MARK McALLISTER: Policy direction? Sorry, sat nav malfunction!
THERE is an old civil service joke about policy direction in a matter devolved to Northern Ireland being a choice of the holy trinity – replicate what has happened in GB, tailor a NI-specific policy direction, or simply do nothing.
Employment law is a complicated area and with a host of pre-existing differences in rights between the two jurisdictions, and the lack of an Assembly heading into its 20th month means the gap continues to grow.
So what? I hear you ask, and yes this may be a direction of travel caused by inertia rather than design which does have the advantages of GB being a petri-dish for employment initiatives that were always going to prove controversial.
For example, fees for industrial tribunals blew up spectacularly in the government’s face in GB some years ago and only recently so too did a short lived law on allowing the use of agency staff as cover for striking workers.
Pending legislation in GB on minimum service levels for some public sector strikes looks to be heading on a collision course with the courts and even a putative Labour government in waiting saying they will repeal it if it gets into power.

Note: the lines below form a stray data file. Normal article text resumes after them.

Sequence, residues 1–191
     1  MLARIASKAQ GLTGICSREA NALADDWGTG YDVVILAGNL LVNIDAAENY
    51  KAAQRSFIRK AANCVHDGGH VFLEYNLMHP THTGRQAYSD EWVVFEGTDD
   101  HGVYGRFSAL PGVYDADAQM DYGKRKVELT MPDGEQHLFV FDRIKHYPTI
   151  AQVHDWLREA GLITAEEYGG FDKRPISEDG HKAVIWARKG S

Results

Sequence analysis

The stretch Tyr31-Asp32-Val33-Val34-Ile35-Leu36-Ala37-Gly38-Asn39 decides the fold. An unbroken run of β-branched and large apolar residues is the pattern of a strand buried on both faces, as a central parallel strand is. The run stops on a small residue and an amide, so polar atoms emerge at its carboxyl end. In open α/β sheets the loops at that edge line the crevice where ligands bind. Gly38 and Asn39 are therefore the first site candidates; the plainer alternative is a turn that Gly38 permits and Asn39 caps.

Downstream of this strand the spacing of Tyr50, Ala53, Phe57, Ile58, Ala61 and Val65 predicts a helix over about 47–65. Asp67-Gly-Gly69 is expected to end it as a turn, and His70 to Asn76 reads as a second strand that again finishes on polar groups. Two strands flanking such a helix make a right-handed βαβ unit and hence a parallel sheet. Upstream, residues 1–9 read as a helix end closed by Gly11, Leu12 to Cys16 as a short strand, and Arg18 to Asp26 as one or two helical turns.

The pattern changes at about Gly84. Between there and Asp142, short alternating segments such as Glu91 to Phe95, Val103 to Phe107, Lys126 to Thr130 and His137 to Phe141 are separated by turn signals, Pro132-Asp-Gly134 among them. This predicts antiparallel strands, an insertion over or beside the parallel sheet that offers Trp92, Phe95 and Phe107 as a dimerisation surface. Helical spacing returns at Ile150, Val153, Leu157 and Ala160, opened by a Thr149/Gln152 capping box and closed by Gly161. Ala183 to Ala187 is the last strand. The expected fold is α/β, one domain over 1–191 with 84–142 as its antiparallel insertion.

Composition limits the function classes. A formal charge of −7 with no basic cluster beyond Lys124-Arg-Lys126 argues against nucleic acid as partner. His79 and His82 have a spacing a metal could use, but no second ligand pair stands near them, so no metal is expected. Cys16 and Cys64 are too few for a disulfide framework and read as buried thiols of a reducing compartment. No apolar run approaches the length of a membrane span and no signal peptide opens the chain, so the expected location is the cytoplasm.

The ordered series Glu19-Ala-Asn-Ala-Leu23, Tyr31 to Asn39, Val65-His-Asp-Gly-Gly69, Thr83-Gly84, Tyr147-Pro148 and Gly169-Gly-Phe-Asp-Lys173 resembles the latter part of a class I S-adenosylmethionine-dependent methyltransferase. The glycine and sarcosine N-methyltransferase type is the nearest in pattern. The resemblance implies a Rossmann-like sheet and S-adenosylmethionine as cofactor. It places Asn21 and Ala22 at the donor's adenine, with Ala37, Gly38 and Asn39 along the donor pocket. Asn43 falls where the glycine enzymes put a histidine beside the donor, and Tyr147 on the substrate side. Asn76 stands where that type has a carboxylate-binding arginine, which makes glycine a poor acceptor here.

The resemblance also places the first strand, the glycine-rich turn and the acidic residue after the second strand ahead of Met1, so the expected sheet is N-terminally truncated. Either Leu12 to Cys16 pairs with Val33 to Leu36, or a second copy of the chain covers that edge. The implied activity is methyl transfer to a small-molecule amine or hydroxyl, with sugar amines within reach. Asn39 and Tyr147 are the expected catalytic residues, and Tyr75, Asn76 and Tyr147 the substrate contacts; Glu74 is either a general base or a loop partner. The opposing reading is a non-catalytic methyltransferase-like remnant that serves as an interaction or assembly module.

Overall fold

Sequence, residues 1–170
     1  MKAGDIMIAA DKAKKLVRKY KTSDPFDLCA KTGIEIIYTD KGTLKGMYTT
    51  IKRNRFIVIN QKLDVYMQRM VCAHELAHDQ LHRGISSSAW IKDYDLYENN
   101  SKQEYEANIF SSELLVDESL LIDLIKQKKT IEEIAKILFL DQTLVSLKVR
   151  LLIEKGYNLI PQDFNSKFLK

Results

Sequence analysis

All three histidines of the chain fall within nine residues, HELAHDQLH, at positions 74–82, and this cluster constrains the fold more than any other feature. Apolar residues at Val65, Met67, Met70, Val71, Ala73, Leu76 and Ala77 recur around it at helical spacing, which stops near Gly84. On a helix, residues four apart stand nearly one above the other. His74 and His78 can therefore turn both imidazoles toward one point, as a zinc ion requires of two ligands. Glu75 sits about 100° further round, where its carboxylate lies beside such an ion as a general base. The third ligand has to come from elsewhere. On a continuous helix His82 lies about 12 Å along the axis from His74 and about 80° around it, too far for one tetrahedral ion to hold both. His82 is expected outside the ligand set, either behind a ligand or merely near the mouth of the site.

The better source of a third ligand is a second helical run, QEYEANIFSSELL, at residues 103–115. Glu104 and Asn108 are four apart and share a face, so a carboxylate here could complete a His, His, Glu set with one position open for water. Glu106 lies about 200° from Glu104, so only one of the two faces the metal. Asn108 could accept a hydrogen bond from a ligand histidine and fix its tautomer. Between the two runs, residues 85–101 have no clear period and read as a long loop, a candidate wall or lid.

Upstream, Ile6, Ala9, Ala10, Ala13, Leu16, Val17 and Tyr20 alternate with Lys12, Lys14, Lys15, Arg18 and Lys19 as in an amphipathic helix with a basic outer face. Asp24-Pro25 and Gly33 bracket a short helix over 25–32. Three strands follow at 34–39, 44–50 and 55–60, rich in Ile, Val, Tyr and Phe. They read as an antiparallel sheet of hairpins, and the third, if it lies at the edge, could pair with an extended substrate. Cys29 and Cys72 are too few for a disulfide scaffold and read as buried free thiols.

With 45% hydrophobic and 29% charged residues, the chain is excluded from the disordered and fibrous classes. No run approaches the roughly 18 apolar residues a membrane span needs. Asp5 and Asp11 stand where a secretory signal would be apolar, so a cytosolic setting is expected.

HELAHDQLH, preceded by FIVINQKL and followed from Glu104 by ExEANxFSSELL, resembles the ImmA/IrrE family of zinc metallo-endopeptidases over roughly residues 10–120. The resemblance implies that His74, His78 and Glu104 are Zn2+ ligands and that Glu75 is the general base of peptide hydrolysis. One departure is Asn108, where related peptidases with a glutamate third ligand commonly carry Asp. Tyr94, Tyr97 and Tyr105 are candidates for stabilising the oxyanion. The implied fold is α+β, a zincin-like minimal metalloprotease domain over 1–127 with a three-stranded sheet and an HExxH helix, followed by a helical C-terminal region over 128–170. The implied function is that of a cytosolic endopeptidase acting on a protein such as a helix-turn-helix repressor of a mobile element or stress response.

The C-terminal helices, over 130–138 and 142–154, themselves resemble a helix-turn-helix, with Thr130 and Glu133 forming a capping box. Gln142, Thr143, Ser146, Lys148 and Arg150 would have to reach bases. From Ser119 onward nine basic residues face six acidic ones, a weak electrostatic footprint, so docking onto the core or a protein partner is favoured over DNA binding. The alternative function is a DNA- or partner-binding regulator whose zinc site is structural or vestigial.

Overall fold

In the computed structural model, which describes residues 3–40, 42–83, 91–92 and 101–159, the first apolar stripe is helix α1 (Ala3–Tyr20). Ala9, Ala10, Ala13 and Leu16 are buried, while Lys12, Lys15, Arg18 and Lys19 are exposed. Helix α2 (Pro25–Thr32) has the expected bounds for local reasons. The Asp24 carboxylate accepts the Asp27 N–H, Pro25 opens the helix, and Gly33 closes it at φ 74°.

There is not doubt that employment law reforms of late in GB have moved from tinkering around the fringes to more substantive and politically polarising in nature. All the while Northern Ireland stands on the sidelines with departmental policy options ready to be tabled for whoever nabs the Economy portfolio.
Where will the policy sat nav point? Will it be east to GB for a return to what used to be called the ‘parity pathway’? Or will it be south to the Republic of Ireland with a view to greater regulatory alignment (an expression that has fallen out of favour somewhat from the heady days of post-Brexit negotiations)?
Or will it be North for some Scandi-sense to seek to learn the lessons of how social partnership can work having taken lessons from the days of Haddington Road in the south and the post-Covid economic realities of our time?
A recent slew of Private Members’ Bills in GB has resulted in a yawning gap of new employment rights between employees in GB compared to Northern Ireland in areas as diverse as neo-natal leave, tips and gratuities, requesting more predictable contracts and flexible working arrangements.
So how will the policy gap be filled when our politicians eventually return to the Assembly?
The answer? Oh sorry . . . my sat nav seems to be malfunctioning……
Mark McAllister is director of employment relations services at Labour Relations Agency NI